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The Benefits of Paid Time Off

"I don't set trends," entertainment legend Dick Clark once proclaimed. "I just find out what they are and exploit them."

Businesses across all sectors can benefit from his approach as they explore cost-saving practices adopted by other organizations in response to an economic downturn or a company's cost-saving initiative. One human resources benefit strategy sparking interest and gaining momentum across the business world is "paid time off" (PTO) in place of traditional time-off programs. 

Traditional plans divide time into "vacation," "sick" and "personal" days. Vacation days must be scheduled in advance, sick days sometimes require a doctor's note and personal days act as emergency time for family and personal matters. The PTO approach, by contrast, combines time-off allowances into one pool of PTO days. The administration is simplified; instead of filing each employee absence under a separate category, administrators create a single system for keeping track of total time off.

Employees are encouraged to plan ahead for vacation, but do not require substantiation for impromptu time off, which is more convenient for the employee and results in fewer unplanned absences. Because PTO days are not differentiated, employees who take fewer sick days have more time for vacation, thus encouraging healthy behavior.

Many traditional time-off plans allow for unlimited rollover of sick time, resulting in long-term employees accumulating hundreds of sick days and leaving the employer with a large unfunded liability on their books. A use-it-or-lose-it PTO arrangement, whereby any unused PTO days are forfeited at the end of the year or a PTO program with an annual rollover cap, can help employers avoid this scenario.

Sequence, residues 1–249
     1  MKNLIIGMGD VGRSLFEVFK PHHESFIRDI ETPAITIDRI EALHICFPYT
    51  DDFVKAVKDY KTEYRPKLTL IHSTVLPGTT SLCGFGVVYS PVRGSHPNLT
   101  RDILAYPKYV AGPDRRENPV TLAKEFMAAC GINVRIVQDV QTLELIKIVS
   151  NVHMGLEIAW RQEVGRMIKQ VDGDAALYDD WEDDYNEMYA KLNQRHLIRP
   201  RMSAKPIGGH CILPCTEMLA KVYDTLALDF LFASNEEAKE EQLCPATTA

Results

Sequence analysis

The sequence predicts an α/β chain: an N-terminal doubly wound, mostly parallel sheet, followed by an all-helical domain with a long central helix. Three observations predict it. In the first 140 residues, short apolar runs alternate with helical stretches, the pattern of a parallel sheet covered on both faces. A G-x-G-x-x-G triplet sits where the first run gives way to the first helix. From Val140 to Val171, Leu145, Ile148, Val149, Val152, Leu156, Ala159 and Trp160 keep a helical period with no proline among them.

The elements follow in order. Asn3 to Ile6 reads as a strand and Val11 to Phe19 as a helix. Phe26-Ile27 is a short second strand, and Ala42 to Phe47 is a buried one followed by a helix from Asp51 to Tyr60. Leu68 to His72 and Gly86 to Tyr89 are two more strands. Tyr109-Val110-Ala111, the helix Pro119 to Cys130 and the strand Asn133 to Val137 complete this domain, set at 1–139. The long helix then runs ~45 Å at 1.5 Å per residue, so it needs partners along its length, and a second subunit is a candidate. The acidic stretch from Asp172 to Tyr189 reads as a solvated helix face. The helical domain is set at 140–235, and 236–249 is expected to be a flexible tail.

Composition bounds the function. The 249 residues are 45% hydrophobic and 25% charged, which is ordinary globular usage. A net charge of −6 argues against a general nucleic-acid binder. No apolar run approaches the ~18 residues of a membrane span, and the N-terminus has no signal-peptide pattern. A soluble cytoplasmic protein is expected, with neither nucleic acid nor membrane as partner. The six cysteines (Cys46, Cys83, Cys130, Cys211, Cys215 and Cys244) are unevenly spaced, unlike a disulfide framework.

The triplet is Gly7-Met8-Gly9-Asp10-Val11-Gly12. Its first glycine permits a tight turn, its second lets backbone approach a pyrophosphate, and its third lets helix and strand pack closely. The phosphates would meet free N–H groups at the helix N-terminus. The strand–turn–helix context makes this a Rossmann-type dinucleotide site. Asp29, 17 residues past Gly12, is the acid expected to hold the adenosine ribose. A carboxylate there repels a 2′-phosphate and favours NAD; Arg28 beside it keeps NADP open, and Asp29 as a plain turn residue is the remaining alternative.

One drawback, however, is that this reasoning can lead to employee "presenteeism" -- sick employees may come to work to preserve their PTO days. But this risk can be managed by establishing an organizational culture that encourages sick employees to stay home. In the right environment, where workers are treated with respect, given flexibility and expected to use it responsibly, the desire to "pull one over" on the company will wane and employees will keep their viruses out of the office out of courtesy for their co-workers.

The PTO arrangement may be introduced alone, in conjunction with a credit-based flex plan, or harmonized with 401(k) or profit sharing plans. Credit-based flex plans involve an employer providing each employee with "flex credits" that can be used to pay for their employee benefits (e.g., employee life, disability and health coverage) or converted to taxable compensation. When offered a PTO arrangement alongside a credit-based flex plan, employees can trade unused or otherwise forfeited PTO days for flex credits.

Employers who are interested in exploring the benefits of a PTO framework but do not wish to implement a credit-based flex plan can create additional value for their employees by leveraging recent IRS Revenue Rulings (2009-31 and 2009-32). These rulings permit employees to convert unused PTO into contributions to their 401(k) or profit-sharing plans.

This approach can help employers create additional benefits value without increasing their costs. Employers may, however, incur additional expenses associated with anti-discrimination testing if highly compensated individuals are allowed to participate in the plan. The 401(k) contributions, when converted from unused or forfeited PTO days, qualify as an employer non-elective contribution, thus allowing employees to contribute up to their annual maximum plus any catch-up contribution if they are over a specified age.


Alex Korotin is an actuarial analyst with Spring Consulting Group, LLC. 

Risk Management Magazine and Risk Management Monitor. Copyright 2020 Risk and Insurance Management Society, Inc. All rights reserved.National Law Review, Volume I, Number 128



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